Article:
Review: Extinguished Things

Molly Taylor is a masterful storyteller who creates a richly populated world from the relics left behind by a pair of close family friends.

theatre review (adelaide) | Read in About 2 minutes
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Extinguished Things
Published 18 Feb 2019

This forensic examination vividly recreates the intimate details that marked the lives of an elderly couple who grew up down the street from Molly Taylor.

She has a gift for capturing the things that make important moments stand out, like the creamy yellow tiles of a jaundiced bathroom, hosting a shattering intimacy, and the strange, meaty smell of cat food that sets off her childhood memories.
But this is not just the story of one couple, it is the story of a town divided by race riots and united in the love of a football club. Though she tells the story from the living room of Alton and Evie, Taylor makes the entire city breathe as she brings it to life.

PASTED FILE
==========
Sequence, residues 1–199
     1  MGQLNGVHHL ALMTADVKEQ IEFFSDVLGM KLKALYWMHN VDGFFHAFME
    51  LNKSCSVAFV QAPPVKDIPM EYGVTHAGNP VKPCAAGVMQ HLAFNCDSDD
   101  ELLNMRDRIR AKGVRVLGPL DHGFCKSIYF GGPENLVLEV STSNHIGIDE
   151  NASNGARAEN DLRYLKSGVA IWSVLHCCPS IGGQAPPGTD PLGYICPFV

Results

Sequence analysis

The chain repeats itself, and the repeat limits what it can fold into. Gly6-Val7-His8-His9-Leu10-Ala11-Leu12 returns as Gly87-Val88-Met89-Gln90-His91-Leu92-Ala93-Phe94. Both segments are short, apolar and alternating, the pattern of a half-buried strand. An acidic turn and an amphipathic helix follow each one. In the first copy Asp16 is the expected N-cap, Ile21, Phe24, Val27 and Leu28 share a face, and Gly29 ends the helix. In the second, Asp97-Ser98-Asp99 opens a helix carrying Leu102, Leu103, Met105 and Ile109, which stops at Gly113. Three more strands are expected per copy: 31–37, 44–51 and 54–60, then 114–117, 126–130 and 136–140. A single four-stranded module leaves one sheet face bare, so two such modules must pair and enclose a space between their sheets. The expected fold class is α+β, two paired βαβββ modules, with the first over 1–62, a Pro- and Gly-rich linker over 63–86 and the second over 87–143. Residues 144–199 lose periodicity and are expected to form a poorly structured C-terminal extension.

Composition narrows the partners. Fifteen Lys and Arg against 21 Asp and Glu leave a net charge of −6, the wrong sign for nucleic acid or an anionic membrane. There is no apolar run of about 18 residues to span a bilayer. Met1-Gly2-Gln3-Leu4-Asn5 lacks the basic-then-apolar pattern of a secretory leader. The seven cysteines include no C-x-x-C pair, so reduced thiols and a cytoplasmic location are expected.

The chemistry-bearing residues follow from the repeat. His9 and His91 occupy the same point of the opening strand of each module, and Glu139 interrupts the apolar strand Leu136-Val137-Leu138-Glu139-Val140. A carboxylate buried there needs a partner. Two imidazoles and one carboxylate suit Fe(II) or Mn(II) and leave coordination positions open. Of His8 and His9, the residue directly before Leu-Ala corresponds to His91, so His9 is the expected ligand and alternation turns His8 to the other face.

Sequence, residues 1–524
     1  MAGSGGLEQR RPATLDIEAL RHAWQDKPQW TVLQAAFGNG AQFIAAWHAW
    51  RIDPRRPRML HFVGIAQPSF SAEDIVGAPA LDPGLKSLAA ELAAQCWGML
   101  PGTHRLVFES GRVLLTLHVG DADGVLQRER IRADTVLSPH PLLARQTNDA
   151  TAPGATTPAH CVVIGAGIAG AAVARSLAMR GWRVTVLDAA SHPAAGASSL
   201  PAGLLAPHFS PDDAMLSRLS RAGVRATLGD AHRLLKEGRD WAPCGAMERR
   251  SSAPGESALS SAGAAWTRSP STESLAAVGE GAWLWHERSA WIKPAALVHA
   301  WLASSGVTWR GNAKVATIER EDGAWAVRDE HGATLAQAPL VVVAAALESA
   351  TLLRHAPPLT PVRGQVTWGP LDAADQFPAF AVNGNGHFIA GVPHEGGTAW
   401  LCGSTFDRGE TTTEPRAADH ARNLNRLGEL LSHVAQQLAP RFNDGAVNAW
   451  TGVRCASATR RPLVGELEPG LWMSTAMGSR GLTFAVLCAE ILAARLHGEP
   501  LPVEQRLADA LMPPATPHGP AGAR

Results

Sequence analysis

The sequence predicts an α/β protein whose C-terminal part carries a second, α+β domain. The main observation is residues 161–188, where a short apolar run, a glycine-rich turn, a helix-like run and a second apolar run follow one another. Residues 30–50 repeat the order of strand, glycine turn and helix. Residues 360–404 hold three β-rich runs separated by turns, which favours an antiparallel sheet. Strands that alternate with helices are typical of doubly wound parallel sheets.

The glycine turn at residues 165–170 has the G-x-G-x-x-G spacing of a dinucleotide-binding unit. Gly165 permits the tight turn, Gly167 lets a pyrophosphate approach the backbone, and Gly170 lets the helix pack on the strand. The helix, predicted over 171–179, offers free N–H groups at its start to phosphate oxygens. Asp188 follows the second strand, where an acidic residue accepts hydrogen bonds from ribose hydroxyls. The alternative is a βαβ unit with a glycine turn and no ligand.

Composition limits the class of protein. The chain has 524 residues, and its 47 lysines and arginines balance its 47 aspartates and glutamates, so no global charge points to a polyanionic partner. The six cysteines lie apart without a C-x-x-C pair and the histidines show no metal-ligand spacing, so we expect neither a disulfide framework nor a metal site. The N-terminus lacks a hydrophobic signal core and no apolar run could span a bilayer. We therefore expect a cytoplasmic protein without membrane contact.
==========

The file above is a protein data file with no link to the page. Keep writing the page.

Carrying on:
She is a wonderful writer with memorable turn of phrase, and her delivery brings the characters of her street to life. She convincingly conveys the joy, sadness and the strange emptiness they leave behind when they’re gone as she intersperses these vignettes with her own story. Extinguished Things masterfully jumps between the lives of Alton and Evie and her own, using the first as a lens through which to view the home town of Liverpool and her upbringing.